Friday, June 11, 2010

Let's slip away, shall we?

OK, was everything really brown then? Like it is right here?
I don't remember it being brown, but then, I was sitting in the middle of the floor sucking my fist (and come to think of it, I was probably sitting on something brown). Shadows of those early memories still pass across my neurons. They went like this: "SEE the real coffee flavor." "SMELL the real coffee flavor." "TASTE the real coffee flavor."
When I see these things again, and I just saw a slew of them on a not-very-good DVD compilation (too much repetition: do we really need 15 ads with Mr. Whipple squeezing the Charmin, or '60s color ads so degenerated you can't tell what they're selling?), it shakes something loose. I have a reaction. Maybe infantile,
I don't know.
When I saw that classic Maxwell House ad with the coffee percolator, geez, I could smell the goddamn coffee. It's probably the most brilliant ad ever made: starts with a very close shot of the top of a "coffee perc" (the only way to make it then), with that sound to represent the percolation, a sort of coconut-shell melody in irresistable intervals. The type of jingle that fries itself into your brain.
Then the voice-over telling us we WANT TO SMELL and TASTE that coffee. A shot of a very wide, round white cup on a saucer, surrounded by a lot of empty space, slowly being filled.
Then, total genius: a shot of someone picking up the cup and bringing it up to their lips, so that the steaming black coffee gradually fills the entire frame.
I won't tell you the rest. Lots of repetition. The use of circles (ask Walt Disney: that's why everyone loves Mickey Mouse). Clean, uncluttered images. Simplicity. This ad is fucking incredible, and I watched it maybe five or six times, then made my husband watch it while he shook his head at me.
Oh, and then! There were others. "Meet the Swinger, Polaroid Swinger." This was probably the first instant camera. They were "only nineteen dollars, and ninety-five". I don't know if I had one of these, or my brother did. The ad had Ali McGraw in it before she was anyone, and the camera ate her alive. I remember how you had to pull off a disgusting layer of goopy plastic film when the picture had developed, and the warnings not to get it on your skin.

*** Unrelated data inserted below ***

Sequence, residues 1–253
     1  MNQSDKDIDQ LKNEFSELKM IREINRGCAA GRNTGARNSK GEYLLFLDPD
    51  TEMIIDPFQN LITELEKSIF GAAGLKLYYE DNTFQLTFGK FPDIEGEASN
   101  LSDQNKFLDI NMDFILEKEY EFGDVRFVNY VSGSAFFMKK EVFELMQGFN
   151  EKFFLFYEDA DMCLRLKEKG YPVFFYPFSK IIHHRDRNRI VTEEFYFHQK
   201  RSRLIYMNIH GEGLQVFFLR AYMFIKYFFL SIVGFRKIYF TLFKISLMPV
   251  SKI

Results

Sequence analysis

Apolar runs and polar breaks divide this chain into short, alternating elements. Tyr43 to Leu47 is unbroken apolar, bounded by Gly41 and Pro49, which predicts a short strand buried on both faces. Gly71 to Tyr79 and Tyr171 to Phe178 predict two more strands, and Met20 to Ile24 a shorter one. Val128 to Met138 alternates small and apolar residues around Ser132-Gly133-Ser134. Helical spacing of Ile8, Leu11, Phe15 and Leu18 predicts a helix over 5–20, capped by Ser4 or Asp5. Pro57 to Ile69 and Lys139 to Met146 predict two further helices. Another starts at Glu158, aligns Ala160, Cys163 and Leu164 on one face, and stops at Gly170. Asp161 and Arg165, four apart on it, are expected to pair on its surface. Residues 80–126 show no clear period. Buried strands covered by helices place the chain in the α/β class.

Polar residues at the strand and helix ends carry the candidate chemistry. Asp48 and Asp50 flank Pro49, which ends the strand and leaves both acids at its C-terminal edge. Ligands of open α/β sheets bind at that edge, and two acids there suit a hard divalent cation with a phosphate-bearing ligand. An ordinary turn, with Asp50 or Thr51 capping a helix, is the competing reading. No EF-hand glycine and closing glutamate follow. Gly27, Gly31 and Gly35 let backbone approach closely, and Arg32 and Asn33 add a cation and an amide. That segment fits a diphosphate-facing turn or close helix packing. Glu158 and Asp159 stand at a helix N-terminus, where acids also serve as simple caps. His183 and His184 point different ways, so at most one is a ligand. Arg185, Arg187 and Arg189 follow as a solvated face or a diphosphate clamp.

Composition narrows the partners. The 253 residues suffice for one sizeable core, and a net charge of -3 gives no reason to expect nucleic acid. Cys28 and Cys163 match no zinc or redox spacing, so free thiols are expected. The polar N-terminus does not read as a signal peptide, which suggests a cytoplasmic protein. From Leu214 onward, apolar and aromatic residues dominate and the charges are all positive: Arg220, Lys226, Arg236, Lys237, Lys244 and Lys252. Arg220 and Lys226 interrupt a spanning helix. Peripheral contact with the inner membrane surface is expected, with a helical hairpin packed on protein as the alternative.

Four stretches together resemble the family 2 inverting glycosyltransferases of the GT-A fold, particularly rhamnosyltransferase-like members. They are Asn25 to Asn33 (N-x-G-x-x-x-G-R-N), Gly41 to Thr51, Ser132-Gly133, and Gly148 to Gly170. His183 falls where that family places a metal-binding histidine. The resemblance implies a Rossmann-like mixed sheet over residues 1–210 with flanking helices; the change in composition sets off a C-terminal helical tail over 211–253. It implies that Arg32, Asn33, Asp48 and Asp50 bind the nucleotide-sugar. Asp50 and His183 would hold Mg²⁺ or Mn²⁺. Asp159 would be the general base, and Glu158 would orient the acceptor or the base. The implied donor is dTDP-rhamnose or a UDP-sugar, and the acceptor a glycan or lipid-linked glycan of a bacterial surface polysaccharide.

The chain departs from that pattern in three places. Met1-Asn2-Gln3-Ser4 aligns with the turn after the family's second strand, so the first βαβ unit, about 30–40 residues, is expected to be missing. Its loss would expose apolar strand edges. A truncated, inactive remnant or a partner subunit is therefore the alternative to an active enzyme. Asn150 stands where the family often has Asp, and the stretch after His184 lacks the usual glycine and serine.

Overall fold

Then this, oh yes: "It's new! It's now! It's flash cube!" This was an incredible invention that allowed you to take four pictures before you had to change the bulb.
Beer tabs. This was announced as the greatest invention since the wheel. No more need for those pointy openers (all right, I know you've never seen one). You just - watch this - zip this strip off the top. The woman was left holding a 3-inch, curved, razor-sharp blade. People later reported ripping their feet open on these things. It took the industry a while to get them right. Once they were made smaller, people dropped them inside the can, then swallowed them. You can imagine.
Oh, and this was maybe my favorite. I love those old bubble-shaped cars out of the '40s, what I call Popeye and Bluto cars, bulbous and low-slung. Huge, by today's
By the '50s, cars had turned ugly. O-o-o-o-o-gg-leeee. I don't know how they ever got so ugly, and fins began to develop and gradually enlarge like mutant
I sat through an awful lot of these ads, but the one that made me bark with disbelief was one that began, "They'll know you've arrived - when you drive up in the 1958 EDSEL!"
For those too young to know, Edsel was the white elephant of the car industry. Named after Edsel Pretzelgruber, it was considered to be a can't-fail deal.
Nobody bought it, and no wonder. This car was ugly enough to scare your mother. Enough said.
I liked this one. It was called Slip Away, and at first I thought it was sort of like Pam. It was an aerosol that you sprayed all over your frying pans to make food slide off. But something strange was going on here. You had to bake them in the oven for half an hour. Yes. Bake them. The coating would stay on "for months", though they later described it as permanent.
Well, we know why: the spray was made of Teflon. That's right. In those couple of months, your family would eat the Teflon right along with their fried Spam. This gave a whole new meaning to "permanent".
Various celebs popped up, and most of them were boring, but there were some incredible 15-second spots for Hefty Bags starring Jonathan Winters. These were weirdly funny, like Winters, but most of all they extolled the marvels and obvious virtues of plastic bags.
They were all good! And they kept the place clean and sanitary. This philosophy caught on too well, to the point that we're now having a spot of trouble keeping the planet clean.
Another fave little chuckle: in an ad for Bounty paper towels, a woman's trying to get some ketchup to come out of the traditional glass bottle, and it sprays all over the place. "Ohhhhh! I wish someone would invent ketchup that goes where you want it
Well, dear, hm, yah, maybe, just maybe they've done that, but at what cost? Billions of plastic ketchup bottles sitting for centuries in landfills.
But a small price to pay for hitting that hot dog bang-on.